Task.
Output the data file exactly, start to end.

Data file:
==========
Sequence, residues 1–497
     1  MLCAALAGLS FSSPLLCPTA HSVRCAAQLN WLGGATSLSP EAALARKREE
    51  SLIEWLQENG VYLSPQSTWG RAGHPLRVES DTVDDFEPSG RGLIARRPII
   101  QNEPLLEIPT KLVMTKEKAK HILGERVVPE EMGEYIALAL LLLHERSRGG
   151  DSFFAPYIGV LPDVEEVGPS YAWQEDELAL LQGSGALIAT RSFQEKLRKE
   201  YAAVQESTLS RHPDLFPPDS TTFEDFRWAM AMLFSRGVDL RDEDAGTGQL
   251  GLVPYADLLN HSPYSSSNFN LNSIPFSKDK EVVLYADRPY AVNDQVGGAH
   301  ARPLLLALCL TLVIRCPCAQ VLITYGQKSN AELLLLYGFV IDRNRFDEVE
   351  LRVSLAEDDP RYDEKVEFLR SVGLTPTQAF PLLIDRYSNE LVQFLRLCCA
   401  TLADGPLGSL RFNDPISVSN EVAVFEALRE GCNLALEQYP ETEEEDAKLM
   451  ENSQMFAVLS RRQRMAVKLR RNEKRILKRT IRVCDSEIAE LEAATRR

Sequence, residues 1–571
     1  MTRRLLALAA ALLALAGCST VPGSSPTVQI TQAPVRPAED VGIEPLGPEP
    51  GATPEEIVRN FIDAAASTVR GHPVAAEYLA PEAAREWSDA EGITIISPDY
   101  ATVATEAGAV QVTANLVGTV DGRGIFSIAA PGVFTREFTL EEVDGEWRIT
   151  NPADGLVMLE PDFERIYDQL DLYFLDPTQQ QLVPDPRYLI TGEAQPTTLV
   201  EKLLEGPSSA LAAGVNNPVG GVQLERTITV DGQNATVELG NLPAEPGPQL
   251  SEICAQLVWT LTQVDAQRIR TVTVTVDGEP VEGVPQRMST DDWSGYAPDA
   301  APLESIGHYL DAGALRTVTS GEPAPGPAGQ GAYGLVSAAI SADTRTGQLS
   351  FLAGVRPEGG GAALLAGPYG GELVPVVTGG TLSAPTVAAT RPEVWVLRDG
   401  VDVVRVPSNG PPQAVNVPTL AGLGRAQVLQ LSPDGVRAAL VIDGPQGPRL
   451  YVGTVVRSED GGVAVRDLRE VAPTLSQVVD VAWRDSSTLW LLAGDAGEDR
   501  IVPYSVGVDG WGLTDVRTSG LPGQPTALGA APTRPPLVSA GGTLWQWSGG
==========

Sequence, residues 1–497
     1  MLCAALAGLS FSSPLLCPTA HSVRCAAQLN WLGGATSLSP EAALARKREE
    51  SLIEWLQENG VYLSPQSTWG RAGHPLRVES DTVDDFEPSG RGLIARRPII
   101  QNEPLLEIPT KLVMTKEKAK HILGERVVPE EMGEYIALAL LLLHERSRGG
   151  DSFFAPYIGV LPDVEEVGPS YAWQEDELAL LQGSGALIAT RSFQEKLRKE
   201  YAAVQESTLS RHPDLFPPDS TTFEDFRWAM AMLFSRGVDL RDEDAGTGQL
   251  GLVPYADLLN HSPYSSSNFN LNSIPFSKDK EVVLYADRPY AVNDQVGGAH
   301  ARPLLLALCL TLVIRCPCAQ VLITYGQKSN AELLLLYGFV IDRNRFDEVE
   351  LRVSLAEDDP RYDEKVEFLR SVGLTPTQAF PLLIDRYSNE LVQFLRLCCA
   401  TLADGPLGSL RFNDPISVSN EVAVFEALRE GCNLALEQYP ETEEEDAKLM
   451  ENSQMFAVLS RRQRMAVKLR RNEKRILKRT IRVCDSEIAE LEAATRR

Sequence, residues 1–571
     1  MTRRLLALAA ALLALAGCST VPGSSPTVQI TQAPVRPAED VGIEPLGPEP
    51  GATPEEIVRN FIDAAASTVR GHPVAAEYLA PEAAREWSDA EGITIISPDY
   101  ATVATEAGAV QVTANLVGTV DGRGIFSIAA PGVFTREFTL EEVDGEWRIT
   151  NPADGLVMLE PDFERIYDQL DLYFLDPTQQ QLVPDPRYLI TGEAQPTTLV
   201  EKLLEGPSSA LAAGVNNPVG GVQLERTITV DGQNATVELG NLPAEPGPQL
   251  SEICAQLVWT LTQVDAQRIR TVTVTVDGEP VEGVPQRMST DDWSGYAPDA
   301  APLESIGHYL DAGALRTVTS GEPAPGPAGQ GAYGLVSAAI SADTRTGQLS
   351  FLAGVRPEGG GAALLAGPYG GELVPVVTGG TLSAPTVAAT RPEVWVLRDG
   401  VDVVRVPSNG PPQAVNVPTL AGLGRAQVLQ LSPDGVRAAL VIDGPQGPRL
   451  YVGTVVRSED GGVAVRDLRE VAPTLSQVVD VAWRDSSTLW LLAGDAGEDR
   501  IVPYSVGVDG WGLTDVRTSG LPGQPTALGA APTRPPLVSA GGTLWQWSGG